Tamara Clatterbuck recently made a headline-grabbing return as The Young and the Restless' rough-around-the-edges character Alice Johnson. And while she's long gone from the canvas for now, she leaves behind some extremely valuable career advice for anyone who wishes to become an actor.
During an interview with Soap Central, Clatterbuck touched on her hallmark voice -- a rough and throaty sound that doesn't exactly match her girl-next-door appearance -- and how it has led her to several roles as grimy hookers or crack addicts.
"When I started out in the business, I came out here as this blonde, blue-eyed girl from Ohio, so you're expecting that I'm going to get those girl-next-door roles, but the only problem was, I opened my mouth and I spoke!" she says with a laugh. "The minute I spoke at any audition, it was like, ‘Wait a minute. That voice isn't matching the rest.' And I just started getting these grungy roles. I was going in for your typical girl-next-door characters, and they'd go, ‘Okay, let's have her read for this instead.' And it was always those characters, kind of gritty, kind of interesting, like the hooker with the heart of gold characters. For example, in The Bridge, I was a heroin junkie. And I think it's the voice, definitely, that put that on the map for me."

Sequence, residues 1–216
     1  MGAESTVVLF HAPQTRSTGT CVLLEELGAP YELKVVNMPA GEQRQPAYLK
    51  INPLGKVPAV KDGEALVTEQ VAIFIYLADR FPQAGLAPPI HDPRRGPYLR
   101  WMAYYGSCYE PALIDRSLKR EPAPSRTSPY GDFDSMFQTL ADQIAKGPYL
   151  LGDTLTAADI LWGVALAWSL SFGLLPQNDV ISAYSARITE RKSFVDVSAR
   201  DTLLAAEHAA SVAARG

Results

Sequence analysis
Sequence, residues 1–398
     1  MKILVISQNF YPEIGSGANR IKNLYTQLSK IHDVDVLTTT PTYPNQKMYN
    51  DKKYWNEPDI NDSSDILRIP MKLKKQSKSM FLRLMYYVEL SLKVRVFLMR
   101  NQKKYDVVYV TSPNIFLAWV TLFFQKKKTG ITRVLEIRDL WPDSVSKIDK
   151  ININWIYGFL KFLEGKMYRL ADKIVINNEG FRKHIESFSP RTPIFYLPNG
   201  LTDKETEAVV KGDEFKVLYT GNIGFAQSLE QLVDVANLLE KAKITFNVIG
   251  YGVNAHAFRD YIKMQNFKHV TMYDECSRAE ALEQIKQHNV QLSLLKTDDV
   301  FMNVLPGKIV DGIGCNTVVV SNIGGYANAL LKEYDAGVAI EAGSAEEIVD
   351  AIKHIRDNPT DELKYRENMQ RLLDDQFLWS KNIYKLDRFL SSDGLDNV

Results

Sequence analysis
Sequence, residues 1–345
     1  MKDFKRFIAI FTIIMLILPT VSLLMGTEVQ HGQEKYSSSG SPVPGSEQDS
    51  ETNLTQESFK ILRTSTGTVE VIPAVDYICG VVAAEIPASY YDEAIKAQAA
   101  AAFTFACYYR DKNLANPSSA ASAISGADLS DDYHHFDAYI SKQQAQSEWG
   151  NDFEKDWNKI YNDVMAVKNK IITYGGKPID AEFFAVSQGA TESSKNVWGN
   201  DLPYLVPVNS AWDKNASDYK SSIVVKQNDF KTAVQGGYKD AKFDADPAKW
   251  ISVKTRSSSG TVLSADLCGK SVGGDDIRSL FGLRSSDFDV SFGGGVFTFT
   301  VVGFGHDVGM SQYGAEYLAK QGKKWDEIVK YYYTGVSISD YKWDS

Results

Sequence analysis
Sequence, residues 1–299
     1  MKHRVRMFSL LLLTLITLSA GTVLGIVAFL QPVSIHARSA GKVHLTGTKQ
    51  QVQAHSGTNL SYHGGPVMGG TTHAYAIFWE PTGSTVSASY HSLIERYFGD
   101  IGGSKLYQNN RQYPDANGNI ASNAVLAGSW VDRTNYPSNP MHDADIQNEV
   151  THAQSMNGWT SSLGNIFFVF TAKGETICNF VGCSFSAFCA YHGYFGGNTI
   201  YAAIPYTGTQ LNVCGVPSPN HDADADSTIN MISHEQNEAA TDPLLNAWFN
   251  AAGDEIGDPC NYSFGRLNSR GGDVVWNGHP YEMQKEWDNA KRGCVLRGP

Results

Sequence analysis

While some performers would get frustrated over such type-casting, Clatterbuck reveals that she embraced her difference and used it to her advantage: "The beauty of being a character actress is you can act forever. So instead of being the prostitute, I can now be the madame! But I embrace these roles now. And when people say I'm being typecast, you know what I say? If you can make a living as an actor, then you've been blessed. And if you are typecast, then embrace that, because then you've got the power. I'm okay with it. When I first moved to Hollywood, they said, 'You've got to change that voice and change that last name.' And I said, 'Okay, I think I'm going to change nothing.'"
She continues, "That's always the advice I give actors. Stay true to who you are and whatever it is that is unique and makes you you. Be confident and embrace that, because there are a million of us here trying to make it, so why do you want to lose what's different about you? It's not always easy in the beginning -- you'll get a lot of rejection and a lot of noes, and people are going to tell you to change this or change that or get rid of this or get rid of that -- and I just try to tell actors to worry about your work and stay true to you. It's better to just keep that part of you, being who you've been all your life. I stuck with it, and it paid off!"
What do you think about Clatterbuck’s advice? Is there anything about yourself that you’ve ever wanted to change? We want to hear from you -- and there are many ways you can share your thoughts.